The Epistemology of the Monstrous in the Middle Ages
New York: Routledge, 2005; Series: Studies in medieval history and culture 33
Based on a 2001 PhD dissertation at Tulane University.
"Until recently critics have treated medieval monsters as embarrassments, evidence of the decline of science during the 'Dark Ages' or as sensationalism. My dissertation contributes to the literary redemption of monsters by investigating how the symbolic meanings of the monster reflect larger changes that took place from late antiquity through the fourteenth century. A system in which the monster indicated the presence and did the bidding of God through its ontological stability yielded to a fluid system in which a monster could signify on the spiritual, moral, and secular planes. Despite such changes the monster remained symbolic and literary rather than becoming scientific and objective. Chapter one reviews the classical source for the medieval monster, Pliny's Natural History, and examines how early Christian thinkers made the monsters they inherited acceptable and useful to their fledgling religion. Pliny stabilized knowledge by reporting facts; the Physiologus substitutes God and scripture for the physical world as the stable referent while Isidore of Seville's Etymologies substitutes divine intention as revealed in words themselves. Chapter two considers the monster tracts of the Anglo-Saxon age to see how stability remains while the works under consideration become more rhetorically sophisticated. Chapter three investigates the twelfth-century phenomenon of the Bestiary, a transitional text between the stability of origins and the relativity of movement. Secular morality and practical advice appear in Bestiary entries beside the traditional spiritual interpretations of animals and monsters. Divinely determined, fixed interpretations coexist with opportunistic, individualized interpretations. Chapter four examines the fourteenth-century Travels of Sir John Mandeville, a work in which stable reference has almost disappeared. The monsters no longer have fixed meanings but possess a variety of arbitrary functions, many of which are religious, but some of which appear areligious or anti-Christian. Monsters function politically, commercially, empirically and ethnographically, autonomously within these areas. My conclusion reviews the changes undergone by the monster but considers their consistent use as symbols within literary endeavors. The changes that take place within the monstrous symbolic alongside the stability of the concept of the monster as necessarily symbolic reveal a mindset that progressively welcomes diverse and individualistic interpretation without questioning the necessity of interpretation." - abstract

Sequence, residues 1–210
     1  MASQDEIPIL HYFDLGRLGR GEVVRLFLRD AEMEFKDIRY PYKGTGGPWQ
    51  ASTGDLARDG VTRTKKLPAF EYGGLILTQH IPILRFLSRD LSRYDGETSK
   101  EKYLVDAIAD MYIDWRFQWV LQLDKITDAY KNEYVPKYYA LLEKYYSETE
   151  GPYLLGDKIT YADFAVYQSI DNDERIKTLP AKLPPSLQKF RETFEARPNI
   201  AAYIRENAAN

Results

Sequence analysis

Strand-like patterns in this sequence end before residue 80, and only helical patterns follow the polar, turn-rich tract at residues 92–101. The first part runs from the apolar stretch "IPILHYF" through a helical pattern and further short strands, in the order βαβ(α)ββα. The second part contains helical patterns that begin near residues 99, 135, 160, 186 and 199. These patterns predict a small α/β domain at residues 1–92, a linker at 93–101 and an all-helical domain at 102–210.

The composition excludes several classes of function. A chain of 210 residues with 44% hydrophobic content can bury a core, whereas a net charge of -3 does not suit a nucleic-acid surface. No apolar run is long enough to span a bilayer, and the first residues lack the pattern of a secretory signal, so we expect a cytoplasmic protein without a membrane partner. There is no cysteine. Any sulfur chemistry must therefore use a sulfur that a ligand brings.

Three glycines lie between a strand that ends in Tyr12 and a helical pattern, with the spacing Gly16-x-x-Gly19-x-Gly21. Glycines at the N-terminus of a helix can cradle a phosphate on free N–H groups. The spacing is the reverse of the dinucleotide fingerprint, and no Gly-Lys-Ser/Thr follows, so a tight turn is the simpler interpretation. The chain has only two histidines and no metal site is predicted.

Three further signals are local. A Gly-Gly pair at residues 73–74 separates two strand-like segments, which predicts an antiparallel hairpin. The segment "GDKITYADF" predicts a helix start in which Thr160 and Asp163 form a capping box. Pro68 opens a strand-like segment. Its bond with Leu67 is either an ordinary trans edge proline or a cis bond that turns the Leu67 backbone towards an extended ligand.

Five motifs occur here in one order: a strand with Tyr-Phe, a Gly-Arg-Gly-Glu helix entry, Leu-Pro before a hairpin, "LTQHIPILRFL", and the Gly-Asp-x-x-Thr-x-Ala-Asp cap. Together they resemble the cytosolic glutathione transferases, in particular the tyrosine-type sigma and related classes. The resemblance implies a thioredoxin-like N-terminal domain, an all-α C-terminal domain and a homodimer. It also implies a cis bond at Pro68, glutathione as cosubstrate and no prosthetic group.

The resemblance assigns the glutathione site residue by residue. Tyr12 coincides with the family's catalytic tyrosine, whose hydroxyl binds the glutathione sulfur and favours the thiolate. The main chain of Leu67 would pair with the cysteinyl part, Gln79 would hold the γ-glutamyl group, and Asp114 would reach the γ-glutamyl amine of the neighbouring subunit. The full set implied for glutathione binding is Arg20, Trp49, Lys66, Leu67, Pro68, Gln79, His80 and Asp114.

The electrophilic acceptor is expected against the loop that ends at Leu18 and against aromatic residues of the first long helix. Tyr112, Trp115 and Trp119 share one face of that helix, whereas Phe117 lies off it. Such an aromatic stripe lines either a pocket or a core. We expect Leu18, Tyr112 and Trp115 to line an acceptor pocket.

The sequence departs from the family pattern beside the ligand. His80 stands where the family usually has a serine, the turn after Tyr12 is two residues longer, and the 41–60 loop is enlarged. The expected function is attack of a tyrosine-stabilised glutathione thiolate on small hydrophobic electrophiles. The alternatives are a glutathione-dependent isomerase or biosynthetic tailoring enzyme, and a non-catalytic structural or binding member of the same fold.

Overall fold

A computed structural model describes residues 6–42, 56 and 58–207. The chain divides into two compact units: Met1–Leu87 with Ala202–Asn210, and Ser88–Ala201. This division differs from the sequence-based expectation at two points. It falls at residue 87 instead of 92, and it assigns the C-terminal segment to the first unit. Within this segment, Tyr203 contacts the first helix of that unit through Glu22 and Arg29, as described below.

173 p., bibliography, index.
ISBN: 0-415-97243-4; LCCN: 2004-18259; LC: PR275.M625; DDC: 820.9/37/0902; OCLC: 56198725
Last update May 12, 2023